Geoquip Water SolutionsWater Solution Specialists
Latest News News Case Studies Articles Exhibitions Papers Community


Borehole conference focuses on the importance of monitoring and maintenance

Borehole conference focuses on the importance of monitoring and maintenance

This year’s Borehole Users Conference was a key opportunity for Geoquip Water Solutions and Franklin Electric, as it put boreholes front and centre of discussions.

Held on November 3rd and organised by Envireau Water in collaboration with the British Soft Drinks Association, the event was held at Aspects at the National Memorial Arboretum in Staffordshire.

As the sole UK strategic partner for Groundwater Products for Franklin Electric (Europe), Geoquip shared a stand with Franklin. Geoquip’s Josh Rodriguez and Franklin’s Richard Knipe were kept busy all day with a stream of visitors keen to find out more about the equipment on show.

“It was an excellent event and there was a great deal of interest in our products and solutions,” said Richard. “It gave us an opportunity to expand on the theme of the day and use our expertise to explain the range of solutions available to ensure boreholes continue to work to maximum capacity and efficiency.”

On the stand was information on the full range of Franklin Electric pumps and motors, together with a working Laval Borehole Camera, which attracted plenty of attention.

The conference focused on the UN-Water’s theme ‘Making the Invisible Visible’ and covered a wide range of topics, including ‘Where’s the Best Location for my Borehole?’ and ‘What’s Going on Inside Boreholes?’.

Opening the day’s agenda, Dr Phil Ham, Managing Director and Principal Hydrogeologist at Envireau Water, described groundwater as a ‘hidden resource’ and probably our ‘biggest asset’ in dealing with climate change.

“Groundwater needs to be protected and effectively managed to ensure it provides water for the environment and the businesses that rely on it too,” he said. “We hope today will allow you to define more practically what it means to you and what you can do to better manage boreholes and the groundwater assets we all have to share.”

Among the speakers was Dr Mike Jones, formerly of Thames Water, who gave the keynote speech, saying groundwater is often undervalued and difficult to communicate about to the public because it can’t be seen.

He talked about the need to appreciate the different roles stakeholders have in groundwater, to understand the future challenges around planning, the need to observe and learn, to consider investment and stewardship, and why groundwater management is so important.

Penny Jenkinson, Principal Hydrogeologist at Envireau Water, took the audience through issues around finding the best location for a borehole, making the point that drilling boreholes is a science, so it is important to get it right in order to maximise yield and water quality and minimise financial cost/risk.

Her talk included consideration of different types of mapping, the use of local records and databases and the pros and cons of pilot holes, trial holes and production holes.

In his presentation, Dave Hingley, of European Geophysical Services, included a series of photographs from CCTV surveys highlighting the importance of knowing what is going on inside a borehole.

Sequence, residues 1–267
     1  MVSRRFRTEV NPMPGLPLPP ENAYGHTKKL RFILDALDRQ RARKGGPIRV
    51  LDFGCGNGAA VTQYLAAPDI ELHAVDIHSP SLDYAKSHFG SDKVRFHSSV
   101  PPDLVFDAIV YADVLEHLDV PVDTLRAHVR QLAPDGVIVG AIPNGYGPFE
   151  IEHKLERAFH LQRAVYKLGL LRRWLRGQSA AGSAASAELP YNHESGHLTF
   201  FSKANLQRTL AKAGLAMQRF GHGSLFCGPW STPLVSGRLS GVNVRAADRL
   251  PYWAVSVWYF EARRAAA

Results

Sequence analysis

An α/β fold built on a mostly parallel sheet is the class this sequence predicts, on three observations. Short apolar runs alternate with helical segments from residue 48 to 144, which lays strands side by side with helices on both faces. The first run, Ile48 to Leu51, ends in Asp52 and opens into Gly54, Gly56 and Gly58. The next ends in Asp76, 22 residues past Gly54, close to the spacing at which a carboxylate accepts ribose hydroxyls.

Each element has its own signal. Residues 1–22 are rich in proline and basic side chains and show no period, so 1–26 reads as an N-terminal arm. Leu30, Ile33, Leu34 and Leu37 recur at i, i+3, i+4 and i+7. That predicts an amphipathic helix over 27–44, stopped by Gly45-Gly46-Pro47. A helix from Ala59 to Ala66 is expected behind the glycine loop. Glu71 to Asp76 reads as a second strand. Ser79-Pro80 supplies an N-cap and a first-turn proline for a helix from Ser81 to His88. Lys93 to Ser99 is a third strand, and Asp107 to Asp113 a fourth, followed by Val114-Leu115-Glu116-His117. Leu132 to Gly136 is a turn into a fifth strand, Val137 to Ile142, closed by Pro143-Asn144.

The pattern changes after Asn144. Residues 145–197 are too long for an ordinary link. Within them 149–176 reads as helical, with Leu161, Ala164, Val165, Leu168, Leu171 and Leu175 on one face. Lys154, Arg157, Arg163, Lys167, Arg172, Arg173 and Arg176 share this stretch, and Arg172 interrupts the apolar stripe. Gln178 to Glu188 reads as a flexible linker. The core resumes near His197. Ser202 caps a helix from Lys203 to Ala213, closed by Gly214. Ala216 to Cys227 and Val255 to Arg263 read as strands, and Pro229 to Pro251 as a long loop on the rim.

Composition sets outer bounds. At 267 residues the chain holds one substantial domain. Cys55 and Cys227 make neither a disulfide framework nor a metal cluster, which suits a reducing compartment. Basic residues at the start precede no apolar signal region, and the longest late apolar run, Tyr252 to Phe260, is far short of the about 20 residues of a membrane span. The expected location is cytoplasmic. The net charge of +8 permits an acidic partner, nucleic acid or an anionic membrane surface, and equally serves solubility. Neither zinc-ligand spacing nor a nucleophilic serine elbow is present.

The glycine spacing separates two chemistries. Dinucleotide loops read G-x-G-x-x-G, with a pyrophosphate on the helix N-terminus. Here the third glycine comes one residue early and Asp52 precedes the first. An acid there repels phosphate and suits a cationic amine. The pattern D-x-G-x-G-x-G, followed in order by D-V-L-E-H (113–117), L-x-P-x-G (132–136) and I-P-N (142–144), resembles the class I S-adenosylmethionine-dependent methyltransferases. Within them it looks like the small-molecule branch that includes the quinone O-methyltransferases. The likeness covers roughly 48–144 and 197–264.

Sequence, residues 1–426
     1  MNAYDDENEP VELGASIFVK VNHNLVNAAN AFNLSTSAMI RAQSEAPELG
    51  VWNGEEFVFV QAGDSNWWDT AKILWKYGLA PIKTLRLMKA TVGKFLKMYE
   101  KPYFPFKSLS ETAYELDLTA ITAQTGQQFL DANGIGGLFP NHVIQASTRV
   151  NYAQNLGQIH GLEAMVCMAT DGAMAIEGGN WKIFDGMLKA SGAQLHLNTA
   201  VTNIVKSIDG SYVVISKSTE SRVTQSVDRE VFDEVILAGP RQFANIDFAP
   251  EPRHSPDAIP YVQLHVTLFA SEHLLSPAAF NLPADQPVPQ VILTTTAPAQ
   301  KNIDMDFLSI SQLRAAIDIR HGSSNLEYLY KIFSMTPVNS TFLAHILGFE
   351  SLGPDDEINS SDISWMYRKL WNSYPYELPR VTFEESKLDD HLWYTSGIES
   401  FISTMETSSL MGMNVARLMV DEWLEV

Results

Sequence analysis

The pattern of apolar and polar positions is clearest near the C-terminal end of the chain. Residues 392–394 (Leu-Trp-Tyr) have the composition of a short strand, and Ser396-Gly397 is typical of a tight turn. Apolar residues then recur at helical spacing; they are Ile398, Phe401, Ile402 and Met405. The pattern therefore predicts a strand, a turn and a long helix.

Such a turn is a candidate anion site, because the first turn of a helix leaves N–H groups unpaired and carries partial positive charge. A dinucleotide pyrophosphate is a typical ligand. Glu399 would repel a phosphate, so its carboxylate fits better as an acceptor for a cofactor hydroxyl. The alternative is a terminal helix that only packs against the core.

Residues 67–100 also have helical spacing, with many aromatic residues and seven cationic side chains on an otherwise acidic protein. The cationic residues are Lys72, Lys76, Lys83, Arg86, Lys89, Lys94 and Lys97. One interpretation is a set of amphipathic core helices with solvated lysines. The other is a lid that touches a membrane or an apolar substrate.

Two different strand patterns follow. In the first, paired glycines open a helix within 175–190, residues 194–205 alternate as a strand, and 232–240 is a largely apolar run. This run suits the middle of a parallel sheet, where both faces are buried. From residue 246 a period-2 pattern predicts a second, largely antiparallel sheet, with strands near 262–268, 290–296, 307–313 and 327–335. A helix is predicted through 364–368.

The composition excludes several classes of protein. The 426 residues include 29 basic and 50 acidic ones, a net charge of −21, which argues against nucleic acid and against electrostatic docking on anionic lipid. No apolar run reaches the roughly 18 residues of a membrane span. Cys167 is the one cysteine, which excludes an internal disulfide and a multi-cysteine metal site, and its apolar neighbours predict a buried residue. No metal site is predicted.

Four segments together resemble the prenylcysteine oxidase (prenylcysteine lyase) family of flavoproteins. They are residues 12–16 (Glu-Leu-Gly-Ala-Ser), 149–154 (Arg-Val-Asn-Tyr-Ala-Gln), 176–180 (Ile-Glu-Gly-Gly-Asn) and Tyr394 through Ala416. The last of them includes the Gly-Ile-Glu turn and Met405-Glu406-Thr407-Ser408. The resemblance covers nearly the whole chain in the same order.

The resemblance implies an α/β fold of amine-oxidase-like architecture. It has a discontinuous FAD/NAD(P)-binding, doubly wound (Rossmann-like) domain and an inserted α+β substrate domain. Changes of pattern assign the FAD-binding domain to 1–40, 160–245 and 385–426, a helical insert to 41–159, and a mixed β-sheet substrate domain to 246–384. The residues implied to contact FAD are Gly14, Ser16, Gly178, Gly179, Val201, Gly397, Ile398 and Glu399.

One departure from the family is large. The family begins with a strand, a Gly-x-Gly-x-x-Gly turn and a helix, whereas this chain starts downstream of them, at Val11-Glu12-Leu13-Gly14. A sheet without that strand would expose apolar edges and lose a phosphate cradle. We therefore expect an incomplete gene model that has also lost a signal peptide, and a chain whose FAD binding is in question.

He talked about how using a downhole camera allowed users to understand issues such as recognising spikes in turbidity, water quality variations, contamination and checking the physical condition of the borehole. He recommended CCTV surveys for new boreholes to give a good general overview of the condition of the borehole from the start, and then further surveys on a 3-5 year basis.

Other areas of his talk included verticality techniques, cement bond logs and natural gamma.

These topics were picked up on by James Dodds, chairperson and founder of Envireau Water, who stressed the importance of interpreting borehole data and using a combination of tools to do so.

He said that while a lot of people choose the option of using CCTV as an “easy way” to see what is going on in a borehole, it is the use of additional geophysical techniques which can provide information on issues such as faults and cavities. This, he said, should be “far more routine” than it is.

Typically, these techniques would be used when a greater understanding or quantification of parameters is needed.

One of two afternoon workshops was on the topic of Borehole Myths, featuring Phil Merrin, Principal Hydrogeologist, and his colleagues from Severn Trent Water.

Together, they tackled questions such as ‘why someone should worry about their borehole when it’s been fine for years’, ‘what could go wrong’ and ‘what the benefits are of CCTV surveys and geophysics’.

The session covered issues such as pumping systems, water quality, water levels; plus the condition of boreholes and the problems that can be caused.

The most common of these were listed as:

  • Physical
  • Chemical
  • Microbial
  • Operational
  • Structural

Phil talked the audience through examples of how they had dealt with such problems in different boreholes. He stressed the need for regular monitoring and surveying, as well as the importance of data, to build up a picture of activity which can then help identify when changes happen.

He went on to personally recommended a combination of both mechanical cleaning and chemical cleaning as a ‘starting point’ to tackle issues.

Richard concluded: “It was very pleasing to hear such a focus on issues such as monitoring and maintenance of boreholes. This is something we and Geoquip have been advocating for a very long time and we wholeheartedly agree with the comments of the speakers.”

For more information and advice, contact the team at Geoquip.

To read more about the show click here: